No. However, if you would like to negotiate a different purchase price and we’re instructed by you to forward this to the selling party’s legal representation, then we can perform this. In terms of directly negotiating with the sales agent on the purchase price, this is not something we can do.
Can the seller decide to not sell the property after contracts have exchanged?
No. After contracts are exchanged, the selling party is legally required to sell.
I’m actively searching the market, some homes are selling at auction, and some are selling at a private treaty, what can I do to prepare for either circumstance?
We would recommend you obtain a copy of the contract and forward it to us for review. We offer complimentary contract reviews.
As mentioned in our selling property page, a Contract of Sale must be prepared before a property can be advertised. So whether you’re attending an auction or a private sale, you can contact the seller and obtain a copy of the contract in either circumstance.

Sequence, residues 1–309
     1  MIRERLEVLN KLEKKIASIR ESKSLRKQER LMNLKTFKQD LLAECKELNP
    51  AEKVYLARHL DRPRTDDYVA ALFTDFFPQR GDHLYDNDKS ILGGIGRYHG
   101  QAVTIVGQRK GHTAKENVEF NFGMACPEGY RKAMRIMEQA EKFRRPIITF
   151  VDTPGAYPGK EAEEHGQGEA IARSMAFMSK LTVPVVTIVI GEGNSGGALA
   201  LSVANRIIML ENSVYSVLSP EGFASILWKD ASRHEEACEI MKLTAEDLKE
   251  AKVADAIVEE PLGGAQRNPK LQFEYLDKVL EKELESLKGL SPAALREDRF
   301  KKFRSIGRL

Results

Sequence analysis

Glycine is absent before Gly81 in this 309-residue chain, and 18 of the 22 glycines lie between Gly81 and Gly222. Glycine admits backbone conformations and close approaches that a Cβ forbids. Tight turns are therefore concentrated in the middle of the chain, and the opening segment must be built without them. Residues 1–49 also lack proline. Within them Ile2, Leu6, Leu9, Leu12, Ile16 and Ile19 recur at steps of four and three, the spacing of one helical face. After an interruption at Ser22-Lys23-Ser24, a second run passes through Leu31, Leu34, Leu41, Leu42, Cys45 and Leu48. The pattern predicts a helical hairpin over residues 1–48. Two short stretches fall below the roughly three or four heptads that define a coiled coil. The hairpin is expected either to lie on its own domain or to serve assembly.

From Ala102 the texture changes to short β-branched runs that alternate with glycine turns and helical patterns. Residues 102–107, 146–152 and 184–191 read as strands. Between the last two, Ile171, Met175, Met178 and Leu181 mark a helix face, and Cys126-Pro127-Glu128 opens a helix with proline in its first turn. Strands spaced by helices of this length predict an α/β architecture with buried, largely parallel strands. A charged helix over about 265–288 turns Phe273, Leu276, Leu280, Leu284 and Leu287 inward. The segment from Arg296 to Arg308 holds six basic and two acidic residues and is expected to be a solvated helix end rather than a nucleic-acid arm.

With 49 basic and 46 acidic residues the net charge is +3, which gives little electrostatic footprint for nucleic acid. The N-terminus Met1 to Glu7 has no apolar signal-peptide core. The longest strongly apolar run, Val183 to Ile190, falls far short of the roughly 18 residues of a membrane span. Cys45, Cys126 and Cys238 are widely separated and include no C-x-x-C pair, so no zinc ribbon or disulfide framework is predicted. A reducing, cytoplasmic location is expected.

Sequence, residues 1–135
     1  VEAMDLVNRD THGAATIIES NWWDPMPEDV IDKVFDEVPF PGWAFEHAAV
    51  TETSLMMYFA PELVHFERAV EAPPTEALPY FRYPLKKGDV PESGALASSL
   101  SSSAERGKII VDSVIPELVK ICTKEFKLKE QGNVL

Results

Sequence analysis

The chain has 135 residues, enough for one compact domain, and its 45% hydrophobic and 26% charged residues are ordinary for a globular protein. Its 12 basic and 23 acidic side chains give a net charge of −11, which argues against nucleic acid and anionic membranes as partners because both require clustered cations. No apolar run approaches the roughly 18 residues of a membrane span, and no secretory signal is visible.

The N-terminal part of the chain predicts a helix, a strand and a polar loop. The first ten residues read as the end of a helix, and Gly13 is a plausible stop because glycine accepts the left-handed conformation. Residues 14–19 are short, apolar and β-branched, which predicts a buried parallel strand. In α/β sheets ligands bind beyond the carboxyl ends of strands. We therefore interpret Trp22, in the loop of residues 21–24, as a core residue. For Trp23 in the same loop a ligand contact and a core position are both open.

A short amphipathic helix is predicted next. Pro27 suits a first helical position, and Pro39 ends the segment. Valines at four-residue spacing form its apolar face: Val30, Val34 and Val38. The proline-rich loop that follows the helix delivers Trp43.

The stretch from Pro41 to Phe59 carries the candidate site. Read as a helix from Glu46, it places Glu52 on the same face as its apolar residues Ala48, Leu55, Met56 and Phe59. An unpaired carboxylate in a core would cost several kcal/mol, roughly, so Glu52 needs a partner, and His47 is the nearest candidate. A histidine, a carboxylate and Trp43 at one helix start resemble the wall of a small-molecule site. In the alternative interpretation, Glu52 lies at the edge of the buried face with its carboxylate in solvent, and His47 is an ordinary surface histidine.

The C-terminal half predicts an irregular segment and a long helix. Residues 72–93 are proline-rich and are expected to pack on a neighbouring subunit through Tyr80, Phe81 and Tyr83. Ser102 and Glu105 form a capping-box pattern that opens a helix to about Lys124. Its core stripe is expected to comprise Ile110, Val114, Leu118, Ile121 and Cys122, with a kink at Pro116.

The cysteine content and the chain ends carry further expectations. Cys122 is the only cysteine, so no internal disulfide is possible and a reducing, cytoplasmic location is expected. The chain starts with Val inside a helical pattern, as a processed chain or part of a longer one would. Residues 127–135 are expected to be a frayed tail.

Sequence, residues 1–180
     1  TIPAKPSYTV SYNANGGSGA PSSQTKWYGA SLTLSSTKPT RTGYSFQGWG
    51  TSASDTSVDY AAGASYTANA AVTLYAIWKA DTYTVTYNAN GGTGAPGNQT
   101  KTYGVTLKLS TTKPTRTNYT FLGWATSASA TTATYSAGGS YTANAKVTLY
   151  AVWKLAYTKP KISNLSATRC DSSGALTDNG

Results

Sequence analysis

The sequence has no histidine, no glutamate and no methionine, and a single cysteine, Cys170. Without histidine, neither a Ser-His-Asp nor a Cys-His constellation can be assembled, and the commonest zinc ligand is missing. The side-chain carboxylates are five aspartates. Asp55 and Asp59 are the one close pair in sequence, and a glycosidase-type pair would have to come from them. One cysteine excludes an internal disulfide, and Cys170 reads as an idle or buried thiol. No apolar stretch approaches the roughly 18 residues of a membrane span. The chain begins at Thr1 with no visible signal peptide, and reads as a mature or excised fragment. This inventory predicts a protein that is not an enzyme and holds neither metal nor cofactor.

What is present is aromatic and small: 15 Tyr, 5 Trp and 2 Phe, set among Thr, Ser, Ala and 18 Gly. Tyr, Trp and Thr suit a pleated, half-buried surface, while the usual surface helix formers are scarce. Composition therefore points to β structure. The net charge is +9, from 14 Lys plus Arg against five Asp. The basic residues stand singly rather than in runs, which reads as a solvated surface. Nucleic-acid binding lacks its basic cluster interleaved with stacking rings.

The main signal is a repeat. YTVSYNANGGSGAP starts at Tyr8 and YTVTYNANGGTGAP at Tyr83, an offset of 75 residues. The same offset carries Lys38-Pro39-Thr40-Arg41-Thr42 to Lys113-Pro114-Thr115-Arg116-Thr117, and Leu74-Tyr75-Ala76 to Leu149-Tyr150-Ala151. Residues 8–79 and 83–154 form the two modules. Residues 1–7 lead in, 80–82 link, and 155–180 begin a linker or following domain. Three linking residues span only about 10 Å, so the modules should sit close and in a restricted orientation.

Auctions can be high pressure situations. So by having our conveyancers peruse the Contract of Sale prior to attending, you’ll be in a much better position to make a confident decision on the property.
Can you help me understand the differences in ongoing costs between properties? For example, two properties might have different land tax and strata fees and I'm trying to calculate each property from an investment point of view.
No. In more complex scenarios like this, we often recommend you engage a quantity surveyor, which we can organise on your behalf. A quantity surveyor will be able to perform these calculations for you, so you can make a better financial decision.
Calculating Stamp Duty of Land in NSW - Revenue NSW
Property Inspections - Fair Trading NSW